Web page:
The Vikings receiving corps gets a dose of speed and sound hands with Jalen Nailor. The speedy receiver from Michigan State put on a show at times with his routes and separation ability. If he can echo that same success and Kirk Cousins can find him, he could look more like a Day 2 pick than a seventh-round selection.
251) Kansas City Chiefs: Percy Butler, S, Louisiana
The Chiefs continue on the defensive side of the ball with Percy Butler. A rangy safety prospect, Butler was dominant in the Sun Belt. The Chiefs signed Justin Reid and added Daxton Hill in this mock draft, but getting Butler as a backup still makes sense. He comes downhill well and ranges in coverage with the best of the second-tier safety prospects.
252) Cincinnati Bengals: Kellen Diesch, OT, Arizona State
A long tackle with plenty of bend and strength, Kellen Diesch has the perfect mold for a tackle in today’s NFL. He can add to the Bengals’ improved offensive line with his ability to play either tackle spot in a pinch. Diesch looked comfortable and polished during his time at the Shrine Bowl.
253) Los Angeles Rams: EJ Perry, QB, Brown
A long-term play, EJ Perry is a quarterback every general manager wants on their team. The Rams grab him here and could slide him directly into the QB2 role with his athletic ability, smarts, and his ability to elevate talent around him. Perry, a former Boston College quarterback, is a coach’s player (literally) and will improve the Rams’ QB room simply with his presence.
254) Los Angeles Chargers (compensatory selection): Dameon Pierce, RB, Florida
Like many of the running back selections here, I can guarantee you I am lower on them than you are — and especially lower on them than they’ll actually be drafted. There’s value in RBs, especially those on rookie contracts. But there’s even more value in running backs who can do everything you’d ask of them. Dameon Pierce can pass block, catch, and run between the tackles with a tenacious attitude. He’s a rare three-down back in this class.
255) Los Angeles Chargers (compensatory selection): Jean Delance, OT, Florida
As they did with their pick of Joshua Ezeudu, the Chargers improve their offensive line versatility by selecting Jean Delance. The Florida product has excellent athleticism, as he can bend with edge defenders and presents a great base. Keeping that athletic ability as he puts on strength will be key for his long-term development.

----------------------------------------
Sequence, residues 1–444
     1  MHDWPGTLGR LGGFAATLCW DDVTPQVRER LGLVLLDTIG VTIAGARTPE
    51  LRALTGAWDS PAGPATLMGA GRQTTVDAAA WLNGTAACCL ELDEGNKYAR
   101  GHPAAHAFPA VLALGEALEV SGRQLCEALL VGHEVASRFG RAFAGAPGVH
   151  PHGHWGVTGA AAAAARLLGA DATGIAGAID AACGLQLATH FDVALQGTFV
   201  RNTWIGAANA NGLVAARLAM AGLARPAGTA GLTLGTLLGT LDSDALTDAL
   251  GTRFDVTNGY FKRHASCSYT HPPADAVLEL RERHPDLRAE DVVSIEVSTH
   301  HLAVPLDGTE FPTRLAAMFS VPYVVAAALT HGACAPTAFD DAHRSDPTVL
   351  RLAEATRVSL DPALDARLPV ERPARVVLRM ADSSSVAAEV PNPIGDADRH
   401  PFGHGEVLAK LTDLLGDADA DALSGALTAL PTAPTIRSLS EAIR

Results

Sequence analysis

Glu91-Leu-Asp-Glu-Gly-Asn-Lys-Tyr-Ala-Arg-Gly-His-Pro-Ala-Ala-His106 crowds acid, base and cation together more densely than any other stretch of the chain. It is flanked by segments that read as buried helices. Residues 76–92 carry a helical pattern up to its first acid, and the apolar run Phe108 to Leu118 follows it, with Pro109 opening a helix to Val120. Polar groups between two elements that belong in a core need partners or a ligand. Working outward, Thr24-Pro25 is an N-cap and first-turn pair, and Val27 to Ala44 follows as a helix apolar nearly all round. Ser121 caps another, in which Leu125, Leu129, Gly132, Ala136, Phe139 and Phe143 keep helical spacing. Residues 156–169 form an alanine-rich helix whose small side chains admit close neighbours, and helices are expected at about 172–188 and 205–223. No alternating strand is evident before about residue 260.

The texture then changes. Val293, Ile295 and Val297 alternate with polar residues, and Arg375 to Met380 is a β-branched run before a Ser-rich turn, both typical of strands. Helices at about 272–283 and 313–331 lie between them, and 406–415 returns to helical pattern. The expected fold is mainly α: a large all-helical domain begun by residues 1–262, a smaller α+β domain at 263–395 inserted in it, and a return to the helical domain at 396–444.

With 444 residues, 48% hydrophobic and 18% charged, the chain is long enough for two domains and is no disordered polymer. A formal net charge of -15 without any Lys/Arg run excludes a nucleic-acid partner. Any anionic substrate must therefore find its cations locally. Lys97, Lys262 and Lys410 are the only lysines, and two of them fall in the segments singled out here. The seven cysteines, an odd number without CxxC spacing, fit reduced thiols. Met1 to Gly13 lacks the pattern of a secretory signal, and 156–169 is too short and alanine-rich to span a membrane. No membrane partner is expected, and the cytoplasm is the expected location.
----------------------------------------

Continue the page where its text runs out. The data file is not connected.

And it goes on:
256) Arizona Cardinals (compensatory selection): D’Vonte Price, RB, Florida International
Again, I’m sure that I am lower on just about every running back in this draft class. In fact, I’d venture to guess that I’m lower than the average fan on nearly every RB in the NFL. Every NFL team needs 2-3 good running backs — no longer do they need one great RB. By grabbing D’Vonte Price, the Cardinals now have three solid backs in James Conner, Eno Benjamin, and Price.
257) Arizona Cardinals (compensatory selection): Tyrese Robinson, G, Oklahoma
Arizona’s reworked offensive line gets another great addition, especially this late in the draft. Tyrese Robinson is as experienced as they come and can play either guard spot. His sturdy base and great strength will undoubtedly see him earn a roster spot and potentially take over the left guard spot when Justin Pugh moves on.
258) Green Bay Packers (compensatory selection): Pierre Strong Jr., RB, South Dakota State
I’m sure I’m a bit lower than most on Pierre Strong Jr. That being said, once the draft is coming to a close, teams can begin to find running backs that can contribute — and Strong is on that list. He’s a great physical runner and can also contribute to the passing game.
259) Kansas City Chiefs (compensatory selection): Luke Wattenberg, G/C, Washington
The Chiefs grab Luke Wattenberg, who can play a multitude of roles on offense for KC. Wattenberg can play center, but he won’t need to with Creed Humphrey in the picture. He can also play either guard spot. That versatility allows Wattenberg to slide into several spots that may be hampered by injuries or as an extra lineman in goal-to-go situations.
260) Los Angeles Chargers (compensatory selection): Carson Wells, LB, Colorado
With their last draft pick, the Chargers grab Carson Wells from Colorado. Listing him as a linebacker does him a disservice, as he can do a little bit of everything. However, Wells excels when rushing the passer. Watching him run stunts off the edge was one of the highlights of the Shine Bowl practices earlier this offseason.
261) Tampa Bay Buccaneers (compensatory selection): Jalen Wydermyer, TE, Texas A&M
There were ho-hum pro days, and then there were disasters. Texas A&M was that disaster, and Jalen Wydermyer‘s draft stock plummeted. As such, the Bucs could have pulled off the steal of the draft by grabbing him here with the penultimate pick in this 2022 NFL Mock Draft. Wydermyer plays differently than he tests, but the jury is out on whether that will correlate to the NFL field.
262) San Francisco 49ers (compensatory selection): Brock Purdy, QB, Iowa State
The 49ers make Brock Purdy Mr. Irrelevant in the 2022 NFL Draft. At one point, Purdy had first-round aspirations. However, his stock fell as he failed to elevate his game or the talent around him in subsequent years. Yet, Purdy rewrote the Iowa State passing record book and performed well at the Shrine Bowl. He’s in an ideal landing spot as he can play behind Trey Lance once San Francisco moves on from Jimmy Garoppolo.